Tolkien’s metaphysics of evil, part 15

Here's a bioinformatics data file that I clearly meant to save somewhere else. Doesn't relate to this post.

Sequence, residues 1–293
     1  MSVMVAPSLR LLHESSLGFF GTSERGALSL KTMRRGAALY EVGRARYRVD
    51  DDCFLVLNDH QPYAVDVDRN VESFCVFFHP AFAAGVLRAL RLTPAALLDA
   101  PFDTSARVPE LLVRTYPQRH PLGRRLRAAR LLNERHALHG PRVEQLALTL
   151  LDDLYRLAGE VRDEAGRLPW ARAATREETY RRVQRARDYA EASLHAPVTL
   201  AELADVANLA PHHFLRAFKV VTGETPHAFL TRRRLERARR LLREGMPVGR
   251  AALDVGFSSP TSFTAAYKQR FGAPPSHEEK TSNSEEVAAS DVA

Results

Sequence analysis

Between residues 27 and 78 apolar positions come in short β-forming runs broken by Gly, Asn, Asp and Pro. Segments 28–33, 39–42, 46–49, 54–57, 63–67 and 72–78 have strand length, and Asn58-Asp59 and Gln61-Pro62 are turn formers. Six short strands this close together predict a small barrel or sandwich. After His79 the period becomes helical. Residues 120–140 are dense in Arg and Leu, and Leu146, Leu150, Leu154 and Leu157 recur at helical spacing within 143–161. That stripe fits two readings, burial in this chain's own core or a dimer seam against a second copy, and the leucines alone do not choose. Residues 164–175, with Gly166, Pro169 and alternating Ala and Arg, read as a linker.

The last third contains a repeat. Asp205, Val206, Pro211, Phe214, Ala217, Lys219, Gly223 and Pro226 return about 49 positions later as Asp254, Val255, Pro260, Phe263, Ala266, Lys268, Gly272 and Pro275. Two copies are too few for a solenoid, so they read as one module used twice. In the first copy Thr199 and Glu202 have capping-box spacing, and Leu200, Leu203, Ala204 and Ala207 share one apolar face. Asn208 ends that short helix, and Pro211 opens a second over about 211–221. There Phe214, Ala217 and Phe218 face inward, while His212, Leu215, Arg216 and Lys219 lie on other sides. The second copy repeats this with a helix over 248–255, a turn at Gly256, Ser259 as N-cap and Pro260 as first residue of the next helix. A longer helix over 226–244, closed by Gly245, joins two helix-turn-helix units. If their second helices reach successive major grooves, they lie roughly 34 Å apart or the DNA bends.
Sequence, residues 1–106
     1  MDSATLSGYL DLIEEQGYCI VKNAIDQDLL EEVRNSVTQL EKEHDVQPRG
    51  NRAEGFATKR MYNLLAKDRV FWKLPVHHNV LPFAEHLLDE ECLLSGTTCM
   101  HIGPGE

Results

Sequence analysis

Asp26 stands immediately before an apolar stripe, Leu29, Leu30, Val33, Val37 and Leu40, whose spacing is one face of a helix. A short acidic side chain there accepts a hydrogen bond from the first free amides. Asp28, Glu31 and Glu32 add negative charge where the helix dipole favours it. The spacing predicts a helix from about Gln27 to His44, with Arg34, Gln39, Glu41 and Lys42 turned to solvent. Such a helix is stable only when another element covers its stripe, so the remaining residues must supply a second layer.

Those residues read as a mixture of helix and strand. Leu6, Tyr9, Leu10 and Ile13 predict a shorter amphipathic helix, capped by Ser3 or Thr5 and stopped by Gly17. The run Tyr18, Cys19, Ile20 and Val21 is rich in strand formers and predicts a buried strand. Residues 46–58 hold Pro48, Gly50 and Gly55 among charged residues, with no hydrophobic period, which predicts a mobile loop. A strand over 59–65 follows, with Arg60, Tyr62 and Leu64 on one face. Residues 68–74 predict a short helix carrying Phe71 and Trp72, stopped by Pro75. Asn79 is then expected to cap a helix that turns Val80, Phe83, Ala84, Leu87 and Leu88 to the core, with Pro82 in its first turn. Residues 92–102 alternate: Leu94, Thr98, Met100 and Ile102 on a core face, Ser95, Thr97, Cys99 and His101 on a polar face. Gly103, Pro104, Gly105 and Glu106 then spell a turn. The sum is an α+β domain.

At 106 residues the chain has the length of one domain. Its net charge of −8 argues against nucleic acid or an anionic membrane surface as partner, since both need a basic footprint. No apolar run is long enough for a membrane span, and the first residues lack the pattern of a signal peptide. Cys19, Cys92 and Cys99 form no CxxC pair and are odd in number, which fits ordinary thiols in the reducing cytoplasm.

The previous post concluded by noting the relentless consistency with which Tolkien juxtaposes each created species in his fictional world with its corrupted counterpart. My present purpose, however, is not to take stock of all the ways in which each of the race of rational beings in Tolkien’s mythical world can or might fail to fulfill their nature. Instead, I want to draw attention to five classes or kinds of evil that are implicitly or explicitly distinguished by Tolkien in his fiction, five classes that at once stratify or diversify evil according to a scale of sorts while at the same time unifying his presentation of evil around a common theme. The first class or manifestation of evil, first both in terms of the order of Tolkien’s narrative but also in terms of it being implicit (or so I shall argue) in every instance of evil, centers on the theme of creation. I speak here of the case of a creature’s illicit and, as Thomas puts it, “unnatural” aspiration for what is really the Creator’s own exclusive power to create, that is, to bring things into being. The second motive in Tolkien’s “hierarchy” of evil involves the corruption of the creature’s legitimate or natural powers of sub-creation. Third, an important subdivision of this sub-creative “evil” in Tolkien’s world concerns the whole issue of preservation, or the keeping of one’s legitimate sub-creations from fading into oblivion, a motive embodied by both the Valar and especially the Elves. Fourth, we will see that the sub-creation/preservation motive corrupts into a new depth of evil which Tolkien identifies under the heading of domination. At this juncture in the argument we may also want to take a moment to consider the metaphysics of Tolkien’s polemic against technology or “the Machine” as one of the key instruments by which domination is exercised. Fifth and finally, even more extreme and desperate in Tolkien’s hierarchy of evil, and yet a topic that (to my knowledge) has hitherto received little attention in discussions of Tolkien’s metaphysics of evil, is the flip-side of creation, namely the impulse of annihilation: that is, failing the power to give being, the desire for what (paradoxically) turns out to be the same thing, the power to obliterate it.